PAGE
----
Examining the U.S Policy Responses to Entrenched African Leadership
Assistant Secretary, Bureau of African Affairs
Thank you very much. Let say, first of all, I am extremely pleased to be here Chairman Kerry, Chairman Coons, Ranking Member Isakson to talk not only about entrenched African leaders but also the issue of Joseph Kony and the LRA. I want to thank all of you personally and professionally for your deep commitment and support of a broader international effort to bring Joseph Kony and the members of the LRA to justice. Senator Isakson has pointed out for far too long, Joseph Kony and his organization have gone around through central Africa killing, pillaging, raping, and destroying the lives of hunderds of thousands of Africans in Uganda, the Congo, Central African Republic, and now Southern Sudan. The Administration is totally committed to doing everything that it can in partnership with the regional African states and with the AU and the UN to bring Joseph Kony and the remnants of his organization to justice.
Joseph Kony's organization has some 150 to 250 members dispersed we believe between some four or five different groups operating largely in the Central African Republic, but also still in Southern Sudan and the northern parts of the Democratic Republic of the Congo. As Senator Isakson pointed out, they have not been active in Uganda since 2006.
The Ugandan Government is to be applauded for taking the leadership in continuing to go after Joseph Kony, although he is no longer operating there. Their forces have led the way in trying to bring this man to justice. We are supporting that effort. The United States Government has been a strong supporter of the Ugandan Government in this effort for the last three and a half years and last year we supplemented our effort by sending approximately 100 advise and assist U.S. military to the region to operate in Uganda, the DRC, the Central African Republic, and also South Sudan. Those 100 advisors are there to help to do four essential tasks: the first is to help improve civilian protection in all of the areas where Kony has operated; to enhance regional coordination between the militaries of the four countries; to strengthen the integration of information and intelligence into operation so that information and intelligence received is passed onto soldiers in the field in a more rapid, and more efficient, more useful fashion. And finally, to help directly in trying to capture and to bring Kony to justice. We have done all of those things and under the civilian protection umbrella we have, along with our colleagues in USAID and also with a number of NGOs, sought to provide UHF radios and cellphones to a number of communities in the Democratic Republic of the Congo and also in the Central African Republic so that if indeed villagers see and hear of things that might suggest that Kony is in the vicinity or his people are in the vicinity they can call back or radio back to government offices in order to get support to come after Kony and to protect them.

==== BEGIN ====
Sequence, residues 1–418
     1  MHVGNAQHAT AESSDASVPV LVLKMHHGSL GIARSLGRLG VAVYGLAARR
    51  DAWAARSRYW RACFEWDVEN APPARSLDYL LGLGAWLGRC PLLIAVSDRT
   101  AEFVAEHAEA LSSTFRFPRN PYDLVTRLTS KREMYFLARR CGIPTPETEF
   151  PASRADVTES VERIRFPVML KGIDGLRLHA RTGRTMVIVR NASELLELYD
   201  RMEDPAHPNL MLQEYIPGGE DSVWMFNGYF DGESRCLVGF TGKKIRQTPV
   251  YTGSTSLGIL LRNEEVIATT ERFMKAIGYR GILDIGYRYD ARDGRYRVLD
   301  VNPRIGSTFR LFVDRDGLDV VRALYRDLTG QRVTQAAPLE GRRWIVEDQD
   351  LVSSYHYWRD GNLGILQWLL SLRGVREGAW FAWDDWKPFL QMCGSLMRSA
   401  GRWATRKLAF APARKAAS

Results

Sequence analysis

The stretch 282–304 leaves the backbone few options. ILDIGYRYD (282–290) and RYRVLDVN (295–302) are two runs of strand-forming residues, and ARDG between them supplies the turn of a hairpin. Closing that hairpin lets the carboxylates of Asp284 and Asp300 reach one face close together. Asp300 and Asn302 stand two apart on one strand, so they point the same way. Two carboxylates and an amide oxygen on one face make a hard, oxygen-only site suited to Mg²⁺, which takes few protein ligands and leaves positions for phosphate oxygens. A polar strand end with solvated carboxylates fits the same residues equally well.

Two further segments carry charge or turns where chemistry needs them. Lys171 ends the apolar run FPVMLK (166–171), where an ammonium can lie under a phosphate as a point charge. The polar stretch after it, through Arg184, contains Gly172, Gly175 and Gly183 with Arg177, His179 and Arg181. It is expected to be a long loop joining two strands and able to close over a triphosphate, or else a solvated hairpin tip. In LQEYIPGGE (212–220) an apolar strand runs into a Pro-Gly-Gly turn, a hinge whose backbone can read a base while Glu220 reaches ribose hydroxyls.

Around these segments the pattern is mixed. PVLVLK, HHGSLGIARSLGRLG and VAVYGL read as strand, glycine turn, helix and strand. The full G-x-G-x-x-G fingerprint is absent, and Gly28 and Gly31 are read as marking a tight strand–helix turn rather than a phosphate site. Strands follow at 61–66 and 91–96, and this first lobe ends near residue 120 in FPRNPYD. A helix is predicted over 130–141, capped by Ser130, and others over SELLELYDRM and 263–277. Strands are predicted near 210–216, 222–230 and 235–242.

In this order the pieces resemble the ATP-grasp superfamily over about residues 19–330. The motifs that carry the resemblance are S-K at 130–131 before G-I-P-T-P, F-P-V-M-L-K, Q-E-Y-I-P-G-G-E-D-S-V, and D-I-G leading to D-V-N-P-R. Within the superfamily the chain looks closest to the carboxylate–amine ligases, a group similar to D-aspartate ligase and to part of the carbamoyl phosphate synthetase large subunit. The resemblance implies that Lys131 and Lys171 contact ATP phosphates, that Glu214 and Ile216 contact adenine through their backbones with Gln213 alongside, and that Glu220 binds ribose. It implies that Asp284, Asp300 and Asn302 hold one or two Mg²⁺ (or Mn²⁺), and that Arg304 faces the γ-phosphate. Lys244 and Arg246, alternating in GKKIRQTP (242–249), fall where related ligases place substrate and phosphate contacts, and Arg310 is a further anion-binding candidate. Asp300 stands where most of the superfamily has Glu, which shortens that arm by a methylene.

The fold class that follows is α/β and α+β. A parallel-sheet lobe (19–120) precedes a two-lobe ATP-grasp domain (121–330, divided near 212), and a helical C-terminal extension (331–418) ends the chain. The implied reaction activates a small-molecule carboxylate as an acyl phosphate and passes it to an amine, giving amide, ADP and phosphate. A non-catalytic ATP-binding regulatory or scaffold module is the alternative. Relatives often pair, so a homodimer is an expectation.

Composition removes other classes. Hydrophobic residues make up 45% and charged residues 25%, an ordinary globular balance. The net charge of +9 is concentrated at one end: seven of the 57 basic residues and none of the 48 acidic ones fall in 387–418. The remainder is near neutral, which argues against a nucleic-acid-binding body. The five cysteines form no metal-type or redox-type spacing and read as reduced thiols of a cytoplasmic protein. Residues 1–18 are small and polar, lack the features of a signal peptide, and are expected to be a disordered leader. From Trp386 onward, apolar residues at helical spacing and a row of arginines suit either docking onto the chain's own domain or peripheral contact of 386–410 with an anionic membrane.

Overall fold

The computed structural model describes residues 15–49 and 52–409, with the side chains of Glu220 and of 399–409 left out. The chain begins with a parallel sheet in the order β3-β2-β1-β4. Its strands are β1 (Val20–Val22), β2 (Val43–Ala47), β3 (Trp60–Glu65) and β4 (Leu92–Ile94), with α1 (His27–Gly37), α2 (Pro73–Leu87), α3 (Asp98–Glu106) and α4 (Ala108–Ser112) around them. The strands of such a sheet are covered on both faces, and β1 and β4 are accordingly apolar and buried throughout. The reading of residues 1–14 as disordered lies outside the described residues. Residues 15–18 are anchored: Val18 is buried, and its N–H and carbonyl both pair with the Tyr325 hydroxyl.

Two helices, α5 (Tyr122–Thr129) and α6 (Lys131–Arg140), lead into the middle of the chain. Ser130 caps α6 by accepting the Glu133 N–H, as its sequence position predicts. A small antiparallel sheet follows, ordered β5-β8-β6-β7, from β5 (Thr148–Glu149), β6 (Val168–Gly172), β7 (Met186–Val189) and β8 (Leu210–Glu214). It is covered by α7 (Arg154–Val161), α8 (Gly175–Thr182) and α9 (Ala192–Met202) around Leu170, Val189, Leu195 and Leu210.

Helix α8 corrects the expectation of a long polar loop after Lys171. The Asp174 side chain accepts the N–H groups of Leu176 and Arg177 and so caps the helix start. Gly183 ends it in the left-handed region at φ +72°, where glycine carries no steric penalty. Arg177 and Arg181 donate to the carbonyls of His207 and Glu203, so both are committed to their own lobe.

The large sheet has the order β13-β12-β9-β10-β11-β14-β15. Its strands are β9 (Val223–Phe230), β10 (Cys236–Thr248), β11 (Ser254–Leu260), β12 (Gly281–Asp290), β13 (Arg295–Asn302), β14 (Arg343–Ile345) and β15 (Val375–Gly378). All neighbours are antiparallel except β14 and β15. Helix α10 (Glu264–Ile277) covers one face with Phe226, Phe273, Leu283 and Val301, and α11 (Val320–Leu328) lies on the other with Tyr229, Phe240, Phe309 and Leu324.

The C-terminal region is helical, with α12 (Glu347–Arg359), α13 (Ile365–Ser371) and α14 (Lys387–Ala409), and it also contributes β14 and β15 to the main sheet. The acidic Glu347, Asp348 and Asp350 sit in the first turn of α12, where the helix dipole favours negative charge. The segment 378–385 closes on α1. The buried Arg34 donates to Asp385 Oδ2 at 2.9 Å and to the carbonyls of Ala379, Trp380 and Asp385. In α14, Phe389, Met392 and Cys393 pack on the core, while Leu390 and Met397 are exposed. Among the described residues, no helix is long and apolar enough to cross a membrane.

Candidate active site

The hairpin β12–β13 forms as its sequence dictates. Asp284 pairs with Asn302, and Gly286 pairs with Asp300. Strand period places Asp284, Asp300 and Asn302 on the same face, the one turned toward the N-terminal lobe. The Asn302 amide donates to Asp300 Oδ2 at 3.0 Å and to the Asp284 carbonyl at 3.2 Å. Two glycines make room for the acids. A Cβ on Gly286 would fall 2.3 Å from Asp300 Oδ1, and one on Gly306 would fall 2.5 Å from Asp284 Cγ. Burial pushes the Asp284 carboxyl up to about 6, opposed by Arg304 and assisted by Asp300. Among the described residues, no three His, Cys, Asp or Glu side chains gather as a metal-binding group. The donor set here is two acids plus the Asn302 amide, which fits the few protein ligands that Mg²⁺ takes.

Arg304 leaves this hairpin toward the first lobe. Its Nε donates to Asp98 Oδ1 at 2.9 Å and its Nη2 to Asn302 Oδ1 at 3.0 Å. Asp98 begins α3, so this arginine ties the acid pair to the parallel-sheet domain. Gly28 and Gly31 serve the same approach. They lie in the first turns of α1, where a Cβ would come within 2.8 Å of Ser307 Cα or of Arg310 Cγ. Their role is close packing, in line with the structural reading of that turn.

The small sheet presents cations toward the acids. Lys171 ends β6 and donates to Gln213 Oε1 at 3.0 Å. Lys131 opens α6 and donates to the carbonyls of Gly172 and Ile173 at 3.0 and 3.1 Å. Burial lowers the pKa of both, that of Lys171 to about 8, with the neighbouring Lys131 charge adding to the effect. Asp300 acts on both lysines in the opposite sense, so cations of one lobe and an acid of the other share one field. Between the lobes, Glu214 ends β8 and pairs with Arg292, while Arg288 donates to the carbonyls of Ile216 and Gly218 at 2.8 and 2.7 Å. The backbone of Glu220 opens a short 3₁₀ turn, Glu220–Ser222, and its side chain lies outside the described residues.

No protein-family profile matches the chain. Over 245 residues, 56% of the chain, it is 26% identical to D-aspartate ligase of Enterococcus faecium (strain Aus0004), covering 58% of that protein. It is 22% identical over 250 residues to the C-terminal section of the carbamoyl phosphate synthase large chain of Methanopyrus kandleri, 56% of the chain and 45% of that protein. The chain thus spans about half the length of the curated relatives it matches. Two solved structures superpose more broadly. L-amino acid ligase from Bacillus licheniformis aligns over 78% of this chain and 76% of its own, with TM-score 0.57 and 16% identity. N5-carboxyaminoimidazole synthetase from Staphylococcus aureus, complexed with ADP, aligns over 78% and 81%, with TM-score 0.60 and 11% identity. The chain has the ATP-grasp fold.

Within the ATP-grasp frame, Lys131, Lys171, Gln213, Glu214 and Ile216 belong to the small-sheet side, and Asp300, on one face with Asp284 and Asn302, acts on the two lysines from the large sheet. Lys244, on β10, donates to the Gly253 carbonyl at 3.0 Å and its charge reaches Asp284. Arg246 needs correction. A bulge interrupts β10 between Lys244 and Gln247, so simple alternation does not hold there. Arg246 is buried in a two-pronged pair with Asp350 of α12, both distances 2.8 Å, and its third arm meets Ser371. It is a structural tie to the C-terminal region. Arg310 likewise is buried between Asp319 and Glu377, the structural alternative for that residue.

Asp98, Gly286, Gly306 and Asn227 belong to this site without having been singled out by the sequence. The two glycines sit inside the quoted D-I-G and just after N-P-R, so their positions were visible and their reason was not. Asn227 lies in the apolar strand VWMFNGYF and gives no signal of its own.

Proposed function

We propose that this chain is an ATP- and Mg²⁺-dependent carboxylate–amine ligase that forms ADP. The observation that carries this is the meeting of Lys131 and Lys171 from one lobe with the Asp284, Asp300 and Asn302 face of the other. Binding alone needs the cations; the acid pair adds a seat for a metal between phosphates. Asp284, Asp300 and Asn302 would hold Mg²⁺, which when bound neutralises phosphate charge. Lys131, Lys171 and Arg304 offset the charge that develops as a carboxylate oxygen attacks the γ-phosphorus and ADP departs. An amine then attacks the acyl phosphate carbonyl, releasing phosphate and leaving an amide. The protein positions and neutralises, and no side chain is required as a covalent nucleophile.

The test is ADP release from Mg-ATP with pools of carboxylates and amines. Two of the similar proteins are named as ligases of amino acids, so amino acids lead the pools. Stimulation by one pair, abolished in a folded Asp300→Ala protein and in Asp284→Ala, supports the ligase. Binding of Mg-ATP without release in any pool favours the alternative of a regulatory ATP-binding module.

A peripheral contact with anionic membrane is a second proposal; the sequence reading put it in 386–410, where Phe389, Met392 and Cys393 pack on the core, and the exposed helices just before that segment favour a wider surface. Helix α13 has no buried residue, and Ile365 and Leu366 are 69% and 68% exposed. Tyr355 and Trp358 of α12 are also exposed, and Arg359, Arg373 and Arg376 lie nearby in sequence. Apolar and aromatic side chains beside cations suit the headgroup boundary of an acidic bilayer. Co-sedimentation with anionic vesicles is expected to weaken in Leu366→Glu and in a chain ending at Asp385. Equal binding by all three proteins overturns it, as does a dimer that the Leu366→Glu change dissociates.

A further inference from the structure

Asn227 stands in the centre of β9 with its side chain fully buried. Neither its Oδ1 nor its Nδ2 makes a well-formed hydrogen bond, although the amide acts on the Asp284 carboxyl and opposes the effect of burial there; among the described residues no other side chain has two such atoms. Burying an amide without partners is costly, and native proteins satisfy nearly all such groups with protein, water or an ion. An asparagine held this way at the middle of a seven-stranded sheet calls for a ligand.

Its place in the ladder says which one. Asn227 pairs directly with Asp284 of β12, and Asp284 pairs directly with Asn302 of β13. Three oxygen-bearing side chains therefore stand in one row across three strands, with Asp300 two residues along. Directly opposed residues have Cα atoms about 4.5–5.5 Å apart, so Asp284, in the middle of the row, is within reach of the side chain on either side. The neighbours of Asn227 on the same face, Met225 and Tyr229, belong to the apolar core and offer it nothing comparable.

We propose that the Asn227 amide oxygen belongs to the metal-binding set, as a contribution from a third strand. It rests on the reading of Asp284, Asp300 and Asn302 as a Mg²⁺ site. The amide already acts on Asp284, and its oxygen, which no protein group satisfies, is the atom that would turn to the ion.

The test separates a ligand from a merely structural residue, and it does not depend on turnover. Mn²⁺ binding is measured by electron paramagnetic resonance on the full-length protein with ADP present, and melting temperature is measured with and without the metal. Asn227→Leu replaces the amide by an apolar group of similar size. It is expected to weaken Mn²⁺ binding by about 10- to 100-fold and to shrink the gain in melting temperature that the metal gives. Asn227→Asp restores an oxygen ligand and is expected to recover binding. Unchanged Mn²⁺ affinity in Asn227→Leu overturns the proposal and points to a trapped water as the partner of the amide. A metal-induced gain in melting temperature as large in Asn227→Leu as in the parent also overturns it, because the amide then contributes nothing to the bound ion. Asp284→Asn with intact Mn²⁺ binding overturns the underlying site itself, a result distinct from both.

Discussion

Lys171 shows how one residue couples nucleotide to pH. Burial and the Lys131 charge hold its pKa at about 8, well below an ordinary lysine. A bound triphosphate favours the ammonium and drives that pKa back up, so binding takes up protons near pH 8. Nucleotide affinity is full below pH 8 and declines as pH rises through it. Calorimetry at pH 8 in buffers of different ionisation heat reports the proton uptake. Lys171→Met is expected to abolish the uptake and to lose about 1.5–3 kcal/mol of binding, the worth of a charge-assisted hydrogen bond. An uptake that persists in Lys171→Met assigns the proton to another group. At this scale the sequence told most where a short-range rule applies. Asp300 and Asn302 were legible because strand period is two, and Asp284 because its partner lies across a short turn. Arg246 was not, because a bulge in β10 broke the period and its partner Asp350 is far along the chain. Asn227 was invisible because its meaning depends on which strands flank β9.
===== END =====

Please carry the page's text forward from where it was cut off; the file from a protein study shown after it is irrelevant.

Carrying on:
We have also worked very hard to effectively bring about better coordination between the regional militaries and we have stepped our training particularly with respect to the DRC. In the DRC, the U.S. Government, under AFRICOM, was responsible for training one battalion, the 391st Battalion, which is operating up in the northeastern corner of the DRC and the Garamba Forest, has focused mostly on going after the Lord's Resistance Army and Joseph Kony. We're working with and advising the forces in the Central African Republic and also in South Sudan.
In support of our efforts to help strengthen the integration of intelligence and information into operation, we have deployed certain intelligence assets to the region. And we are in the process of stepping up those assets. We appreciate enormously the support of the Congress on this. As you all know the Congress appropriated some $35 million under the Defense Authorization Bill in order to help support operations of the U.S. military and our diplomatic efforts in the region. We believe this is extraordinarily useful. We have over the last several years spent approximately $30 to 40 million each year to help the governments and militaries in the region and this additional support which will be coming out of the DoD budget helps to supplement the funding that we have been using from State funds. We have clearly helped to degrade the LRA, to disperse it, but we have not finished the mission of decapitating it. We hope that we will be able to continue to work closely with the countries in the region to bring Joseph Kony to justice and to finish this project.